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Hawaii Severe Storms, Flooding, Landslides, And Mudslides (DR-4365)

Incident Period: April 13, 2018 - April 16, 2018
Major Disaster Declaration declared on May 08, 2018

Individual Assistance Applications
Approved: 250

Total Individual & Households Program
Dollars Approved: $1,545,116.81

Total Public Assistance Grants
Dollars Obligated: $1,141,840.86

Designated Counties (Individual Assistance):

Honolulu, Kauai

Frequently Asked Questions

Federal Assistance and Disaster Recovery Centers

Q: Does it usually take more than two months after a disaster to receive additional FEMA assistance?
A disaster declaration was approved on May 8, 2018 for Public Assistance, which provides reimbursement to state and local agencies for repairs to damaged public infrastructure and costs incurred for responding to the disaster. At that time, the damage and impacts to individuals did not exceed the capabilities of the state and local resources. Since then, the state provided additional supporting documentation to FEMA in June and as a result, the Individual Assistance program was approved and added to the existing disaster declaration on June 27, 2018.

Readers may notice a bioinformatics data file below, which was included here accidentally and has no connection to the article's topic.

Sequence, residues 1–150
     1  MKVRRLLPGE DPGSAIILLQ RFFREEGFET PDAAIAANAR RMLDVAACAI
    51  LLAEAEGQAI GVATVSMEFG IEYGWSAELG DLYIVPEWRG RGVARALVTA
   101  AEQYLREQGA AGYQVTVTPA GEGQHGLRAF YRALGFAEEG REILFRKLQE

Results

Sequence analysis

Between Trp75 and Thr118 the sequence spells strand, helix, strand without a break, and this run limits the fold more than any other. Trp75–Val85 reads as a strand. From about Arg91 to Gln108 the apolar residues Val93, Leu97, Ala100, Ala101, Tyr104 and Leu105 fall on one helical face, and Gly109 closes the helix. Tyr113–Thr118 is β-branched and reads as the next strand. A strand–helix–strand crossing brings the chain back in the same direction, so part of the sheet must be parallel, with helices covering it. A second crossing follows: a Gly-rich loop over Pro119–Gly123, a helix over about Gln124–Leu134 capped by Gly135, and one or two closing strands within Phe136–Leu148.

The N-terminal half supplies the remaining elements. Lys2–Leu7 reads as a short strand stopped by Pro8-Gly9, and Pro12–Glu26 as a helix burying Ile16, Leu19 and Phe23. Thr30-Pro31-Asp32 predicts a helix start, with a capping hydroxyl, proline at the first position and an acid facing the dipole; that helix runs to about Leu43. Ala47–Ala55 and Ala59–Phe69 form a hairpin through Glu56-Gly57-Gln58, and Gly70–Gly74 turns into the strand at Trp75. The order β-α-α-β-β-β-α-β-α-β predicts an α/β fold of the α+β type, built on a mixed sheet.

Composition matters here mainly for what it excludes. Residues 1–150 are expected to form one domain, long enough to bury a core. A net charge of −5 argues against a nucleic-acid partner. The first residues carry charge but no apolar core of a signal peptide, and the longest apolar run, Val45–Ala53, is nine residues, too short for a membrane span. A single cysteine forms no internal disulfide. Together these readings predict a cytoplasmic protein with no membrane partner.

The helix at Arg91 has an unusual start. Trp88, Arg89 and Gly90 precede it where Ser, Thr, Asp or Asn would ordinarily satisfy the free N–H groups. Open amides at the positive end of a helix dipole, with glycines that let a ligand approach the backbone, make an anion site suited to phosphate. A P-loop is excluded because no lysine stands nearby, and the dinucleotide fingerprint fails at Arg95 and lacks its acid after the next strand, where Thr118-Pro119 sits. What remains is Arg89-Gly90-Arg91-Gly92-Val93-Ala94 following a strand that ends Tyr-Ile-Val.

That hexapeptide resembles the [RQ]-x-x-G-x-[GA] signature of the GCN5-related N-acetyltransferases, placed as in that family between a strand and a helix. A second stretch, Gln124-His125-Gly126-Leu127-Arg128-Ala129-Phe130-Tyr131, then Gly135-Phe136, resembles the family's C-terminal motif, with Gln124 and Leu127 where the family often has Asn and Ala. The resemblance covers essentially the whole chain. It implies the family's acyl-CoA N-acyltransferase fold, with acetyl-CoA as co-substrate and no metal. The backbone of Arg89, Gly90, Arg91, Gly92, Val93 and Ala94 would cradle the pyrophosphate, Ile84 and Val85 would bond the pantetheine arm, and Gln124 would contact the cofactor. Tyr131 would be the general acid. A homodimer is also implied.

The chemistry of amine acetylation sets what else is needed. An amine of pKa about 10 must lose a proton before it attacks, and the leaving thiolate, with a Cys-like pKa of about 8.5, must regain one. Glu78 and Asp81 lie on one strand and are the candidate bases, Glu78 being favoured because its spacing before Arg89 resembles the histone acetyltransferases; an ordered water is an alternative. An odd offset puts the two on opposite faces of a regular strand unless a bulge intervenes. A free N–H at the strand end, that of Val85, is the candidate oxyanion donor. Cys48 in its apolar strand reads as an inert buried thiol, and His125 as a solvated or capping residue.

Q:  Who should apply for disaster assistance?
Homeowners, renters, private nonprofits and businesses in Kaua`i County and the City and County of Honolulu who sustained damage or losses to their primary homes, vehicles or personal property as a result of the severe storms, flooding, landslides, and mudslides that occurred April 13-April 16 can apply for disaster assistance.

The deadline to appy for FEMA assistance is August 27, 2018.

Homeowners, renters, private nonprofits and business owners (including landlords) may also be eligible for assistance through the U.S. Small Business Administration for damage or losses to their primary home or business.  Disaster assistance from the SBA is in the form of low-interest disaster loans.